The questions that Flusser posed in the 1980s—does writing have a future? What of critique and critical thinking ‘after’ writing?—are the questions that literature is now trying to come to terms with: it is working through writing in its relation to overwriting and erasure. That is to say, literary writing is working through the remains of writing: what remains of alphabetic writing today, as writing is rapidly being overwritten by code. These remains here refer to the material trace of writing as a code of presence in literary writing, its literal persistence (ie handwriting), and to the linear consciousness, moving in a line from past to future, that has been marked as the legacy, the residue, of writing. Though this legacy remains very much unsettled, itself the product of a new mythology, literary writing is now already drawing attention to the possibility of the dramatic undoing of writing as a constitutive force of historical consciousness. From “Memento Mori,” Memento and Remainder, to The Raw Shark Texts, Travels in the Scriptorium, or Erasure, writing—handwriting—is powerless against the forces of oblivion: alphabetic writing in these works still inscribes memory, but it is the kind of un-lasting memory that Flusser and McLuhan have associated with oral culture. It is a memory constantly overwritten by another present, another connection. It is the memory of a blank mind.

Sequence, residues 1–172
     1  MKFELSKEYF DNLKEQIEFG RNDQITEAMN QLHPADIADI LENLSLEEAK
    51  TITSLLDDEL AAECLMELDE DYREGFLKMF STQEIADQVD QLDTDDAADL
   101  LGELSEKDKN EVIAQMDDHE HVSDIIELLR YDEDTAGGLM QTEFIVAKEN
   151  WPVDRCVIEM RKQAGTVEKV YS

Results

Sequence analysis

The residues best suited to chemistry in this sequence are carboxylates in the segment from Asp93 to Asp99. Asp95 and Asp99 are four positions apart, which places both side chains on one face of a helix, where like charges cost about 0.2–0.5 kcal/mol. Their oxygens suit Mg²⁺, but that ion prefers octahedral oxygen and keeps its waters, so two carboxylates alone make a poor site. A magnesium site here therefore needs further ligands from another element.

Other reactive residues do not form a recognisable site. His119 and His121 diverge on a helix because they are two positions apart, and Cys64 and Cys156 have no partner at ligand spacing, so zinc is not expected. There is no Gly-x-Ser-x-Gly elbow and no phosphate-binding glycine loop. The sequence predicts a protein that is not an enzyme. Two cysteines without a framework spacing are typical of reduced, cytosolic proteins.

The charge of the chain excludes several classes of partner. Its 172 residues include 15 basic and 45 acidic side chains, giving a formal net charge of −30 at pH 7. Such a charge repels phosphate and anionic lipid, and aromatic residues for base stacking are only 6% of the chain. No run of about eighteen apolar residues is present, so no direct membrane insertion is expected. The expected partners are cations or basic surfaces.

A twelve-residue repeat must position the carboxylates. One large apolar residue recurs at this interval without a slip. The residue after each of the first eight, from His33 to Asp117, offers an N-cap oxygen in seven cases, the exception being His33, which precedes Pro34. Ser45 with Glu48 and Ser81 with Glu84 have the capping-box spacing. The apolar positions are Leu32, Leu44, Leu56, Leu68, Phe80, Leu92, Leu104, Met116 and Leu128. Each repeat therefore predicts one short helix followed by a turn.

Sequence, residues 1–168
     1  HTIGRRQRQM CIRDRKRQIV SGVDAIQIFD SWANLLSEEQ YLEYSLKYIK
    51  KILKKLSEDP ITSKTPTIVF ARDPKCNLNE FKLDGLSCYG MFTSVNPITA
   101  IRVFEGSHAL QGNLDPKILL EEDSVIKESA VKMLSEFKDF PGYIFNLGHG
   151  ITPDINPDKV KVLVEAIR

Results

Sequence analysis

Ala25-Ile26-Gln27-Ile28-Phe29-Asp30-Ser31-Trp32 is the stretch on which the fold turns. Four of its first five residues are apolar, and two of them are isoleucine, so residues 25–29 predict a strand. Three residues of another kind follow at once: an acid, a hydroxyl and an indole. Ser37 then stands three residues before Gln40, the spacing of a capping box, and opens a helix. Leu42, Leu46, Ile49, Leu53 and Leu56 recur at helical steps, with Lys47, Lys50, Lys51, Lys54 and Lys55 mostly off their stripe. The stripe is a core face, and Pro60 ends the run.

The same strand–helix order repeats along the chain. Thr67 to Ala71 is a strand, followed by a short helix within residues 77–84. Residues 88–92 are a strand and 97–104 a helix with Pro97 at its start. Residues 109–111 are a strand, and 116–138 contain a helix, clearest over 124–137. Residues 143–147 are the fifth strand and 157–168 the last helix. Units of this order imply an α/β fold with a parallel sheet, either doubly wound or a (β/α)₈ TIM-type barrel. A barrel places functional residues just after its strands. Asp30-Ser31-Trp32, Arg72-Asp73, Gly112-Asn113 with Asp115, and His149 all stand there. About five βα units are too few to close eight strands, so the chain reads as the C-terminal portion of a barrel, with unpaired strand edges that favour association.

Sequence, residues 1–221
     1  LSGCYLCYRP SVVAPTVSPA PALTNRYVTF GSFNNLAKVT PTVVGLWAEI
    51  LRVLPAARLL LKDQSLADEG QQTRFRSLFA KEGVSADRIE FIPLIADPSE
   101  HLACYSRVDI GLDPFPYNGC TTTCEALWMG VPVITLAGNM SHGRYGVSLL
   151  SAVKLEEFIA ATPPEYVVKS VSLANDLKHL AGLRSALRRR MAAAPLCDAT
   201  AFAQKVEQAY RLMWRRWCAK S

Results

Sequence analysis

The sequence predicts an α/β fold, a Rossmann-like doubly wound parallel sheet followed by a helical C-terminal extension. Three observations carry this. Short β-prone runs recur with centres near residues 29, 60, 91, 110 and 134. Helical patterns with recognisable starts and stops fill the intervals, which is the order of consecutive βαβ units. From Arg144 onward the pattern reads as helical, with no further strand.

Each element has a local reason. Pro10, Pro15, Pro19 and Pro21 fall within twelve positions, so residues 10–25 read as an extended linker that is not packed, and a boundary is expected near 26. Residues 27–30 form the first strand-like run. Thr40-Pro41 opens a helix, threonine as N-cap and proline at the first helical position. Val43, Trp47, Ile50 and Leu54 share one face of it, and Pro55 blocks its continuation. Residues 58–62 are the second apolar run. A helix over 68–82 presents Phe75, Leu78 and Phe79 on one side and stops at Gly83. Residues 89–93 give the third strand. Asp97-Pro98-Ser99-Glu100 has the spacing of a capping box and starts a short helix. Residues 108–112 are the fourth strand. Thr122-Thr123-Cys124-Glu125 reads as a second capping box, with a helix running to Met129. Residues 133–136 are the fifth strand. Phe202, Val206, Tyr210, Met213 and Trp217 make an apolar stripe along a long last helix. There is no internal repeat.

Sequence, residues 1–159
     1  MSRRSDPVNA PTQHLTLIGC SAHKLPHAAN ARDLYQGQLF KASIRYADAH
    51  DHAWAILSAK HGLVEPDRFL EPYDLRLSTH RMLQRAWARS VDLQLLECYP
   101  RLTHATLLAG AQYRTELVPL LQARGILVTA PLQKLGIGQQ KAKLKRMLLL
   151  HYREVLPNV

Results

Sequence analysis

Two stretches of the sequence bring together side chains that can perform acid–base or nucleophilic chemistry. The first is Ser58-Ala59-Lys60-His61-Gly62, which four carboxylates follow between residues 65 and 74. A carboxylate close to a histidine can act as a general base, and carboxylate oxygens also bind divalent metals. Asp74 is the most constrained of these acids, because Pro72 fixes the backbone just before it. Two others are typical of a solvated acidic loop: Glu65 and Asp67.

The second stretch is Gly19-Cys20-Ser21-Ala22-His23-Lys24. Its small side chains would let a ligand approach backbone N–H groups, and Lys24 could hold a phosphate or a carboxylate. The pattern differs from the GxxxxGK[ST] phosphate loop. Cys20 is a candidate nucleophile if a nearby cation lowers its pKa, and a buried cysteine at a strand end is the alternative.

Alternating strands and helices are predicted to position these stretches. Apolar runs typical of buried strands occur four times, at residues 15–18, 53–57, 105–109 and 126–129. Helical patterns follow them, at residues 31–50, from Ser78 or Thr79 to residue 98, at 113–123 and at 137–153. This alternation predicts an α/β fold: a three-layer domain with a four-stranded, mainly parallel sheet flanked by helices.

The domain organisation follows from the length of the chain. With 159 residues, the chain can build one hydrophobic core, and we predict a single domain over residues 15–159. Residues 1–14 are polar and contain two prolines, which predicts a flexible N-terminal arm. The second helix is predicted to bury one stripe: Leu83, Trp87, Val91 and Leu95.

No one can write past writing. Not, at least, without re-imposing the kind of linear consciousness that comes with “alphabetic lines and the thought that moves along them” in Flusser’s historical universe. These alphabetic lines, he claims, “cut windows in this world, letting critical light in” (159). Critical thinking may be hard to imagine without alphabetic thinking, as it allegedly was the alphanumerical code that enabled (ordered, regulated) what we call thinking in the first place and that effectuated an assault against images as devices of deception (32). For Flusser, the alphabet is the code of the Enlightenment, but the latter has “run its course,” and the former is “useless” as a medium of critique for synthetic images (151, 152). If one of the aims of critique in the Humanities today continues to be “a critical investigation of the foundations of our world,” and if the Humanities are to “continue to be the site where critical analyses of contemporary social realities are conducted, and where the techniques and future-oriented potentials of such analyses are taught,” these investigations need to be expanded towards the codes of the apparatuses that fashion our world today (Kaiser & Thiele 1, 2). In the humanities, in literary studies, we need to study programming and code work and develop a new idiom for close reading before the world becomes illegible. And yet.